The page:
The USDA puts out recommendations for Americans to follow in order to eat healthily. Most of us are familiar with the food pyramid. Since 2011, they have used the “My Plate” graphic to make it easier to people to visualize what to eat.
If you imagine an average dinner plate and divide it in quarters, you have the basic concept. Now make the vegetable and grain quarters a bit larger than the protein and fruit quarters. Add dairy on the side.
As you make up each meal, try to keep to those proportions. Next, choose good quality foods to fill each section. Here are some ideas for foods to fill each part of your plate.
For a normal adult and teens getting normal amounts of exercise, try to eat about an ounce and a half to two ounces of protein a meal. That is between five and six ounces a day.
Protein is vitally important to the body. You need protein to build or repair muscles and bones, make enzymes and hormones, and keep your skin and hair healthy.
Lean meat and chicken and fish are excellent sources of protein. Vegetarians can choose from equally healthy plant-based proteins. Seitan, a wheat gluten product, mimics meat when cooked. Legumes, beans, quinoa, and wild rice are excellent choices as well. They can be made into a huge variety of tasty meals.
Just don’t take a heart-healthy food like salmon and then bread and fry it. That pretty much destroys all the good and replaces it with a lot of unhealthy.
Grains can be a bit controversial. They are 100% carbohydrates and too many carbs are hard on the body and the waist line. However, you can make good choices. Whole grain (not whole wheat), sprouted grains and ancient grains are excellent sources of nutrition.
Choose whole grain bread, pasta, and cereals. Sprouted grains appear to be better for you than non-sprouted grains and easier for those with wheat sensitivities to eat. “Ancient grains” like quinoa, spelt, amaranth, and teff are excellent sources of high quality protein and nutrients. Try for five to eight ounces a day, depending on age and gender.
White flour and white rice really aren’t good for anyone and your body easily converts them to sugar, so make sure you pick the good stuff.
Raw, steamed, or roasted veggies are good for you! They are full of a variety of vitamins, minerals, anti-oxidants, and other important nutrients. Adding veggies in ROY G BIV (red, orange, yellow, green, blue, indigo, and violet) adds both flavor and nutrients. If you don’t remember Roy G Biv, just remember the rainbow!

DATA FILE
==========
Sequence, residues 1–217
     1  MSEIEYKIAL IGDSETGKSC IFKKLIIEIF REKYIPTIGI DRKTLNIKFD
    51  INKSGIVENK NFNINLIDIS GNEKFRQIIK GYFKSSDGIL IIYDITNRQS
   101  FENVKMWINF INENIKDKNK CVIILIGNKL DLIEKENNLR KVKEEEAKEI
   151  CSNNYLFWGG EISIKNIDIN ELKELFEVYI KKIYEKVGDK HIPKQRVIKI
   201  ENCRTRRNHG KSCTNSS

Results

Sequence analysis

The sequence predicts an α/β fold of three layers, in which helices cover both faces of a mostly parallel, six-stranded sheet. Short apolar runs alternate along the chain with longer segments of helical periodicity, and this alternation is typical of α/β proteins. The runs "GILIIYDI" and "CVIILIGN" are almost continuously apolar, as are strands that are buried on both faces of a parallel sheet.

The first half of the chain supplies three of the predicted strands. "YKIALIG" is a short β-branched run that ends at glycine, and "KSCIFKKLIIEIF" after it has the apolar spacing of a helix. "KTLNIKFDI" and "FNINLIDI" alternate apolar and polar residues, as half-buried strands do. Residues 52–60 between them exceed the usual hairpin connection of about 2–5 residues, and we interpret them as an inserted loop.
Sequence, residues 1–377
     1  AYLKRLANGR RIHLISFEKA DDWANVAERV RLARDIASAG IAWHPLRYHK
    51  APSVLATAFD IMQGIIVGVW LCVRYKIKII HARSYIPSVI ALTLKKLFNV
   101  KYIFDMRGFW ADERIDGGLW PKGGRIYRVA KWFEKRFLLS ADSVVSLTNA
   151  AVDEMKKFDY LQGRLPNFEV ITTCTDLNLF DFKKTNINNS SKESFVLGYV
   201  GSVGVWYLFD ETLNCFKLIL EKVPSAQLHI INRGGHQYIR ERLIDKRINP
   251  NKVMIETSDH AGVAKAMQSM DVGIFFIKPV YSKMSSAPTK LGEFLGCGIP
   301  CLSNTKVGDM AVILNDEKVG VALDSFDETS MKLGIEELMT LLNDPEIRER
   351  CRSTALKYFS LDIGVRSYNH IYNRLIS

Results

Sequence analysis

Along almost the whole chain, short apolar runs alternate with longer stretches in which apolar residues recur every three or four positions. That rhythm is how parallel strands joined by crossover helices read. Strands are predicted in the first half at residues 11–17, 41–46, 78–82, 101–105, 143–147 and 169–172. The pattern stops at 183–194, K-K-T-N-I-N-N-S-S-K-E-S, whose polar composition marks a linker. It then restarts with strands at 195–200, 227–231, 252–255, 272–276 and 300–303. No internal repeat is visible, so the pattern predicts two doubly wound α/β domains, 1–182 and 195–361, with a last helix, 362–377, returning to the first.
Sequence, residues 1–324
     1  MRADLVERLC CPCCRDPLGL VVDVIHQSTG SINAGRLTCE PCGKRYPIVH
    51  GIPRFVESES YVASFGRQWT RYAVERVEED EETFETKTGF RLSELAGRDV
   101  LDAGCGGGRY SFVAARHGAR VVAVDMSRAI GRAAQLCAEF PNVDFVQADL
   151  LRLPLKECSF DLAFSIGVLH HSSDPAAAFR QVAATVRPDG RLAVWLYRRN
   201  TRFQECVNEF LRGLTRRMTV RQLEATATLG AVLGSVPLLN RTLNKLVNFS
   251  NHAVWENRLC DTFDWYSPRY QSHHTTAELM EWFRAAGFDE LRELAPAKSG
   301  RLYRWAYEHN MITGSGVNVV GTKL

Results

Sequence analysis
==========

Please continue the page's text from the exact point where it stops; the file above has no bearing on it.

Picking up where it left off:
Toss a salad of leafy greens and a rainbow of veggies. Throw a few nuts and chia seeds on top. Add a low-cal dressing like balsamic vinegar and olive oil and enjoy a bowl of anti-oxidants, fiber, vitamins, and healthy oils. If you like avocados, add some. Eating avocados with salad helps your body to absorb antioxidants more readily.
If you want a protein rich vegetable, consider broccoli, spinach, asparagus, artichokes, and Brussels sprouts. Just don’t fry them or cover them with cheese or mayo.
Boiling veggies robs them of nutrients. The one exception to boiling is boiled potatoes. Boiled potatoes are surprisingly healthy and contain potassium, an element that people are often lacking. Potassium plays a role in blood pressure control.
Go for two to three cups of veggies a day.
Try making your one to two cups of fruit your dessert. Fruit is an excellent source of vitamins and antioxidants. Chewing fools your brain into telling your body it is full and the fiber in fruit increases feelings of being full.
Fruit juice doesn’t count! It is often mostly sugar and contains no fiber. You’ll eat a lot more than your serving of fruit if you choose to drink juice instead.
If you can eat dairy food, try for three cups a day. Regular Greek yogurt and milk are excellent sources of protein and calcium.
If you are not able or willing to eat dairy products, try for calcium-fortified cereals, whole grain breads, canned fish (sardines, salmon with bones), collard and turnip greens, kale, and bok choy.
Drink Something Healthy
There is evidence that anti-oxidants called polyphenols may prevent damage to blood vessels, reduces bad cholesterol, and lowers the risk of heart disease. Scientists are divided on the health effects, but a single glass at dinner probably won’t hurt.
Fill your plate carefully and with some forethought to eat a balanced meal. Lean protein, whole grains, dairy, and fruits and vegetables are important to keeping you healthy.